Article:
#FlatsChallenge Day 3: Simple solutions for child care & DIYs

Today is day 3 of the #Flatschallenge from Dirty Diaper Laundry.  
I am really enjoying the challenge, even if it means staying up a little later to handwash diapers.
The whole idea for me is to show others that you can cloth diaper on a budget and without a washer or dryer (if needed) and while having other commitments.  I hear a lot of moms say, "I would cloth diaper if I stayed home but I work."  Well news flash I have a full time job, a 7 year old who plays baseball at least twice a week plus has Cub Scouts one night a week, I lead a group of 5-10 year olds on Sunday nights at church, and my husband farms full time and expects me to help out when and where I can.  I'm not trying to "mom shame" anyone but if you are struggling and need to diaper your children cheaply there is a way to do it...no matter your schedule.  As the farmer would say, "You just need some want-to."

Feeding a baby calf last night after a 10 hour work day.

So how did my first washing go?

On Monday night I washed the day's diapers.  I had 10 diapers.  It was a combo of flour sack towels and flannel flats along with 2 covers and 4 pockets I sent (stuffed with FST) to my mother in law.  I will go into my wash routine later this week but really it wasn't bad.  The flats that hung as they would on a line outside were dry this morning however the ones on the "drying rack" were not.

How do I handle child care while doing flats?

For one you should know that my childcare consist of my mother-in-law, my husband and one of my closest friends.  While I'm not going to say any of the above love the idea none of them buck it either.  For my husband and MIL I send FST stuffed inside of pocket diapers.  This makes it easy and quick to change the farmboy no matter if they are at home, the silage field or the milk barn.  When my BFF keeps him I sent flats and covers.  The flats are already pad folded and ready to load into the covers but she knows if she wants she can use any fold she is comfortable with.  Honestly I'm about the only one who uses various folds and a snappi.  If you want your childcare provider to use a certain fold because it works better you just need to take a few moments to show them how to put the diaper on and be sure all the diapers are prefolded.  It makes life easier on them if they aren't trying to remember how you make an origami fold or did you say a j-fold?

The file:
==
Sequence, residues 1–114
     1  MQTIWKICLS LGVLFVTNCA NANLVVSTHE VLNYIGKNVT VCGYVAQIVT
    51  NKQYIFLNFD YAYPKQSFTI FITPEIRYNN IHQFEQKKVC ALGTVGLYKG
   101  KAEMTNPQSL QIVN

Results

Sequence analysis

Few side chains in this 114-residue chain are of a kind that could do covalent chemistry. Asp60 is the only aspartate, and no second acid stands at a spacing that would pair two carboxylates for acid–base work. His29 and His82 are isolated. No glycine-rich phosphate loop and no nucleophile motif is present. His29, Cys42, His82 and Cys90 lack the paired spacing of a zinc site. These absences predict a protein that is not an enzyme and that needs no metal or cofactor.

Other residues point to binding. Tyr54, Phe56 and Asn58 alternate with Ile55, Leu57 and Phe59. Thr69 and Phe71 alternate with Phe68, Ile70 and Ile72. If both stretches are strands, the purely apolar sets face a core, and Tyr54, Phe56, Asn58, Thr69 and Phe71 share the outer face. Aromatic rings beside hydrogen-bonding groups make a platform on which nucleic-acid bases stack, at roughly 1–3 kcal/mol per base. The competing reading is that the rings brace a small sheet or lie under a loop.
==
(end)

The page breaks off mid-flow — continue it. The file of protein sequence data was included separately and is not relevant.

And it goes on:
So what about that DIYs you mentioned?

Part of my flat stash is made up of homemade flannel flats and homemade fleece covers.  The flats are simple and quick to do and you can even do them if you don't have a sewing machine (they just might not last as long).  The covers require some basic sewing skills and a machine.  However there is an option even if you don't have a sewing machine for a cover.

Check out these tutorials

DIY Flannel Flats
DIY T-Shirt Flats
Fleece Cover
NO-SEW Fleece Cover

I hope today's post gave you some encouragement on trying flat cloth diapers.  Come back tomorrow to see how I make flats work while we are out and about.

Until next time may God bless you & keep you!


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